Three Ways To becoming A More Consistent Mixer

Let me ask a question… do you think that McDonald’s has the best hamburgers in the world? They are certainly good, but not the best in the world.

So why do billions of people go to McDonald’s to eat lunch? No matter where you are in the world, you will find McDonald’s on some busy corner packed with hungry patrons. Why has McDonald’s been so successful? It’s probably not the flavor of their burgers…

I think the reason McDonald’s has been so successful is consistency. No matter where in this world you go to get a big Mac, it’s going to taste about the same as anywhere else. It’s consistent.

I’m trying to sell you on being a McMixer, but being consistent is a game winner.

Here are three ways that you can become more consistent in your mixing.

Use References Mixes

I know you’ve heard me talk about this time after time, but it is THAT important. Our ears change over time. Not just a lifetime. They can even change over the course of a day.

I’ve worked with “challenged” singers and musicians before where at the beginning of the day, I perceived their performance as, well… bad. But by the end of that same day, I found myself saying things to them like, “very good”… and meaning it!

It’s not necessarily that the singer improved over the course of the day, but my ears adjusted to the level of their ability.

My ears changed over the course of the day.

On the other hand, I have worked with awesome singers that blew me away within the first 10 minutes of our session only to find myself later that day saying, “I think we can get that better”… and meaning it too!

My ears changed over the course of the day.

Your ears change too. When you’re mixing, why not reference something that you believe to be consistently good no matter where you are listening to it.

Referencing your mix gives you a chance to reset and center your ears. – @mixcoach

Build workflows

I found over my years of mixing that if I mix what’s most important or what I want to hear the most in the mix, it tends to be louder. this is part of my workflow now. I just naturally makes what needs to be loudest last. It’s a workflow. It my mixes more consistent.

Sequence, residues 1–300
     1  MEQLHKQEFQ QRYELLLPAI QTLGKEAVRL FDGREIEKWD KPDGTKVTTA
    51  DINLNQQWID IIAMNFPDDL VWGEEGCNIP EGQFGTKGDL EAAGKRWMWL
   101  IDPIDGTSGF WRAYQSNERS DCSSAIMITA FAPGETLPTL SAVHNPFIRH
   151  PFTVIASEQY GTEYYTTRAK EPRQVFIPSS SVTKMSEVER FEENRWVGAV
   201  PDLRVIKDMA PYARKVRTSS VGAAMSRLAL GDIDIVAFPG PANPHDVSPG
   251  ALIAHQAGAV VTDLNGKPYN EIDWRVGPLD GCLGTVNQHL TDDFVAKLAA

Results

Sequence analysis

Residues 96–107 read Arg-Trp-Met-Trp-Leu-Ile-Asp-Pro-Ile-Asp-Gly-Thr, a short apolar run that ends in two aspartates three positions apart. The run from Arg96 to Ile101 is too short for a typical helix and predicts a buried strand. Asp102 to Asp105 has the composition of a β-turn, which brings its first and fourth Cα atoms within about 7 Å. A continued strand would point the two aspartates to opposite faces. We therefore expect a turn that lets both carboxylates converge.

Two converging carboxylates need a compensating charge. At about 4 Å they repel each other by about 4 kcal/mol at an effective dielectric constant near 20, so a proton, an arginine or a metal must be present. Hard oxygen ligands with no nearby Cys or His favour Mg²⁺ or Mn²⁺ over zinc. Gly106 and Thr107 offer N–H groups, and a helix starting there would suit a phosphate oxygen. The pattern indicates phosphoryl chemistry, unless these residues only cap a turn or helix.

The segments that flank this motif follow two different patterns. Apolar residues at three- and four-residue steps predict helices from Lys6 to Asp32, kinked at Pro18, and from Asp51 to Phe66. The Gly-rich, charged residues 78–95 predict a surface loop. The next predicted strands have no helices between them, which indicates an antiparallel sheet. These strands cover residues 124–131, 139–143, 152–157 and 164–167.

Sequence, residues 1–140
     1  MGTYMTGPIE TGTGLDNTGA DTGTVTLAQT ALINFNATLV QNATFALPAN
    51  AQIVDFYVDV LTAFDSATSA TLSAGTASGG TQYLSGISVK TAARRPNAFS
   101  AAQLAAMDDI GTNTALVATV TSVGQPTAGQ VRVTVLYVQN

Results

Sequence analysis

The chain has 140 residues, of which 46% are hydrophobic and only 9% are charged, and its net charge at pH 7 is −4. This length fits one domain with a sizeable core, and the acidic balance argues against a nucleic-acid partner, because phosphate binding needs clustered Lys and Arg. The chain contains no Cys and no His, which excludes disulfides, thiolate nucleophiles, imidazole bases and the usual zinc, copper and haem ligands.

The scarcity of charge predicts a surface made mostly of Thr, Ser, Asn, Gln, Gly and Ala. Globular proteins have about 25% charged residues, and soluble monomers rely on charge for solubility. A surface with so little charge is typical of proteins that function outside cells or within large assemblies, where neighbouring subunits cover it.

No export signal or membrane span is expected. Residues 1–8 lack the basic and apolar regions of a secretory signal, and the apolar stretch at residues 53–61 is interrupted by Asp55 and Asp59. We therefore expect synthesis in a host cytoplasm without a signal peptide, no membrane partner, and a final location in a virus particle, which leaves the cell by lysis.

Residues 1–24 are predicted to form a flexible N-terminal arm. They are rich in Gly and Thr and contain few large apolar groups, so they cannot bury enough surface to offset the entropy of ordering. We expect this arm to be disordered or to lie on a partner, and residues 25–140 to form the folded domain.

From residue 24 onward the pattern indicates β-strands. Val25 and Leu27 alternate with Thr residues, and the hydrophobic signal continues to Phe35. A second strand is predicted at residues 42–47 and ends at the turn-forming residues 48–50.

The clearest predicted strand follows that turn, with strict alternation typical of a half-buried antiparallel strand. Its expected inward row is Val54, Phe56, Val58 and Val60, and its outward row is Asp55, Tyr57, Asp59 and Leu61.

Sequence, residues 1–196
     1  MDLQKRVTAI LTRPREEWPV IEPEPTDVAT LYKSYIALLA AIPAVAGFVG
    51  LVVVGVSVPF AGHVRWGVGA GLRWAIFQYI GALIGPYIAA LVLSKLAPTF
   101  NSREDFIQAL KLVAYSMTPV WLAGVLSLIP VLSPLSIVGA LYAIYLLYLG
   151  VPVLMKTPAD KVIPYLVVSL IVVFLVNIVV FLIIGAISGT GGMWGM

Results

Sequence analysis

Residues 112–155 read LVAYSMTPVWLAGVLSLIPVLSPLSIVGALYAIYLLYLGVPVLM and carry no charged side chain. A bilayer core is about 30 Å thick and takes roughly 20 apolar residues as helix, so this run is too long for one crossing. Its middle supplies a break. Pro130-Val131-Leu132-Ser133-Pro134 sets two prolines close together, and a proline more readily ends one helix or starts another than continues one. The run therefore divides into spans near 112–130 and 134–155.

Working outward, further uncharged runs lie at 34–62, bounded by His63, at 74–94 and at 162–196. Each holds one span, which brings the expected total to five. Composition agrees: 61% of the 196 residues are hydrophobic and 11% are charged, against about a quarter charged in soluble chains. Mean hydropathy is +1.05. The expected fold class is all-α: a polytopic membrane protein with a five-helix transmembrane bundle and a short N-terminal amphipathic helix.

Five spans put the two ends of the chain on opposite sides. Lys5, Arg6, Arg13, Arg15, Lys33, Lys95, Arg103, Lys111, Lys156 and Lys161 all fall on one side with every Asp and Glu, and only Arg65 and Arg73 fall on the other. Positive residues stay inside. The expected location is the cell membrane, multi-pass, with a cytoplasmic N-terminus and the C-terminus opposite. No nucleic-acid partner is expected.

I tend to use the same reverb settings almost every mix. I’ve also discovered that some of my favorite mixers do the same thing. Why would you want to waste your brainpower coming up the next big reverb that probably sounds just like the last big reverb.

Find the reverb you like, and save it as a preset. Better yet, build this into your template. These are all part of your workflow. It helps you be more consistent.

Meet your deadlines.

No matter how good you are, if you can turn in a master to your artist or producer when you say you can, then you are considered To be inconsistent. “Well, I would love for so-and-so to mix it, but there’s no telling when we begin the master back”.

The way that most engineers brains are put together, we would probably mix recalls from now until Kingdom Come. But in the real world, we live and die about what we turn in as finished. No mix is ever really perfect, Only perfect enough.

Don’t just be a good mixer. Be good at finishing your mixes on time.

This is definitely not and all-inclusive list of ways to be more consistent in your mixing. So, in the comments below, share your tips with me.

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